Basecamp To-dos with Due Dates
Exploring due dates associated with To-do lists in Basecamp
By Jason Zimdars, designer at 37signals
One of the top requests from Basecamp customers is to assign due dates to to-dos. After a lot of careful thinking and design work, we just launched the feature on Monday (November 16, 2009). We wanted to share some the behind-the-scenes design process.
In our previous article (Exploring the Highrise Edit Contacts screen) we had a clear concept that we carefully refined over a series of design iterations. Similarly, this project started with a solid UI concept, but required careful work to make sure the experience was just right.
The first challenge was how to show to-do lists and the associated dates. There are a lot of places that to-do items can appear in Basecamp from the To-Do tab in each project to the activity streams on the Dashboard and project Overview. The dates needed to be visible but not visually dominant.
The original version showed the to-do item, the person or company who is responsible for completing the item (if assigned), and any comments associated with the to-do. Hovering over each to-do revealed the edit, trash, and add a comment UI. That's already a lot of information. We'd need to add due dates without cluttering the list.
Right from the start we liked the idea of using a pill shape to enclose the date next to each to-do. This gave the date a distinct look we could use elsewhere in Basecamp that was easily reconizible as a date. The pill shape also visually separated the date from the item’s content and gave each date a large, clickable button target (more on that later). We also thought that the responsible party might benefit from this same visual separation. Previously the party assigned to the to-do was bold and left of the item making it stand out more than the to-do, itself.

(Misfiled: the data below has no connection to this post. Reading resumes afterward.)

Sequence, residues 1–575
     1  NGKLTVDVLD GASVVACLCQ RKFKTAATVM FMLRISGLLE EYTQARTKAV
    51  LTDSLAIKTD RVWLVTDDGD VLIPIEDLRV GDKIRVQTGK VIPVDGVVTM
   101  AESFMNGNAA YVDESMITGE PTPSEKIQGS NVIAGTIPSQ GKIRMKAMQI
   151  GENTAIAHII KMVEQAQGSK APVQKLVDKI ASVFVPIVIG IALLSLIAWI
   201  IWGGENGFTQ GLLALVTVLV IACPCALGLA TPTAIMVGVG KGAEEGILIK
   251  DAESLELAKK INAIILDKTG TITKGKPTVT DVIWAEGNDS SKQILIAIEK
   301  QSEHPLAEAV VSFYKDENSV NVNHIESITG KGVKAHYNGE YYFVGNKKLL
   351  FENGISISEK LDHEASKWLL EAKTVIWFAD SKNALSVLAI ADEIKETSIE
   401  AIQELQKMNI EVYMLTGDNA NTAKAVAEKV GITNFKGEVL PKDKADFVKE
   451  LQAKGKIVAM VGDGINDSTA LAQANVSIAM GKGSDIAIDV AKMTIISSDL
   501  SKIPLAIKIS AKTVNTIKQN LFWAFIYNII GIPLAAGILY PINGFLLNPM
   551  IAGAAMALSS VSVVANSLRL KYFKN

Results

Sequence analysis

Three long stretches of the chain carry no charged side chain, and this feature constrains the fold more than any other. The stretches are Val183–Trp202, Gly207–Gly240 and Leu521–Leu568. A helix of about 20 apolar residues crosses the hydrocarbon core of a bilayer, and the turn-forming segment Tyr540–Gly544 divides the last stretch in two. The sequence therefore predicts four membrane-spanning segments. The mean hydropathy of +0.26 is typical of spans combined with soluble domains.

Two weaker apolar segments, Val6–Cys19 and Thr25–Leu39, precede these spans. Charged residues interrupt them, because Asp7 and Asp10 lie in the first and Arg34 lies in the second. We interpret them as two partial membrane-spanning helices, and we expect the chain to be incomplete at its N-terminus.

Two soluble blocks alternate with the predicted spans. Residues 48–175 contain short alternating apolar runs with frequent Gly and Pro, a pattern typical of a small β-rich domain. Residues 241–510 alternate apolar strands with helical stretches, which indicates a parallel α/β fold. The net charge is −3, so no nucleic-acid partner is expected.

The initial versions used a pill reversed from the list’s text color. This treatment was bold and clear, but made the date more visually important than the to-do. After exploring several variations, we settled on a subdued grey and combined the responsible party with the due date in the same pill. This cleaned-up the left edge of the list making it easier to scan and read the to-do items. The responsible party and due date now feel appropriately secondary and follow the item contents.
Another idea we had was to be able to assign to-dos to people and change the due date without leaving the page. You could edit the to-do which is fast and loads the form via AJAX, but we thought it would be even better if you could just click the pill to change the party/date right there. This is a case where we felt the pain of managing long to-do lists because we use Basecamp to manage our own projects. So, as we considered the display of the due date pills, we started experimenting with a quick-edit UI. Here are some early attempts:
Clicking to reveal controls or turn the pills into native widgets was too clunky and really limited what we could do. We liked the idea of a small pop-over that appeared when you clicked the combined due/responsible pill. This gave us much more flexibility in how to display the choices and it could be clearly associated with it’s to-do item when open (something the inline attempts struggled to do).